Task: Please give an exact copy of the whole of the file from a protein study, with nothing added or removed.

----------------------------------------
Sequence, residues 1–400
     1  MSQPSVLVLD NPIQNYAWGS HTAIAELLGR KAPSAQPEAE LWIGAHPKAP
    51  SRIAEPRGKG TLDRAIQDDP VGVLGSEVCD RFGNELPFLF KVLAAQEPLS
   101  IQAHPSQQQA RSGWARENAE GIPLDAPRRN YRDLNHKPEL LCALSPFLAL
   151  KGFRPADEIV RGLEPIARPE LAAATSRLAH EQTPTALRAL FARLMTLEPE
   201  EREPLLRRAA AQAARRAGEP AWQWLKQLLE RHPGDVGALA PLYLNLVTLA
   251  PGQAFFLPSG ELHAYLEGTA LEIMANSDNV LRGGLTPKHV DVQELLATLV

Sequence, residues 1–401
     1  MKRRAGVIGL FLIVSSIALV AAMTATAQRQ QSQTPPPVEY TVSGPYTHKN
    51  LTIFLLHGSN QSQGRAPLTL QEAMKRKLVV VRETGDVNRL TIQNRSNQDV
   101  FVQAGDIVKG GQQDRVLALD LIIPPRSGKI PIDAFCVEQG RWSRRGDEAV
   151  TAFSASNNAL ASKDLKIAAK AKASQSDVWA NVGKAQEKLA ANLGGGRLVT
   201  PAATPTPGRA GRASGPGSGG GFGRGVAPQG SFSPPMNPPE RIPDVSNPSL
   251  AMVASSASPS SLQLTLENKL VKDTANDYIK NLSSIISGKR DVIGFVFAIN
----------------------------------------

Sequence, residues 1–400
     1  MSQPSVLVLD NPIQNYAWGS HTAIAELLGR KAPSAQPEAE LWIGAHPKAP
    51  SRIAEPRGKG TLDRAIQDDP VGVLGSEVCD RFGNELPFLF KVLAAQEPLS
   101  IQAHPSQQQA RSGWARENAE GIPLDAPRRN YRDLNHKPEL LCALSPFLAL
   151  KGFRPADEIV RGLEPIARPE LAAATSRLAH EQTPTALRAL FARLMTLEPE
   201  EREPLLRRAA AQAARRAGEP AWQWLKQLLE RHPGDVGALA PLYLNLVTLA
   251  PGQAFFLPSG ELHAYLEGTA LEIMANSDNV LRGGLTPKHV DVQELLATLV

Sequence, residues 1–401
     1  MKRRAGVIGL FLIVSSIALV AAMTATAQRQ QSQTPPPVEY TVSGPYTHKN
    51  LTIFLLHGSN QSQGRAPLTL QEAMKRKLVV VRETGDVNRL TIQNRSNQDV
   101  FVQAGDIVKG GQQDRVLALD LIIPPRSGKI PIDAFCVEQG RWSRRGDEAV
   151  TAFSASNNAL ASKDLKIAAK AKASQSDVWA NVGKAQEKLA ANLGGGRLVT
   201  PAATPTPGRA GRASGPGSGG GFGRGVAPQG SFSPPMNPPE RIPDVSNPSL
   251  AMVASSASPS SLQLTLENKL VKDTANDYIK NLSSIISGKR DVIGFVFAIN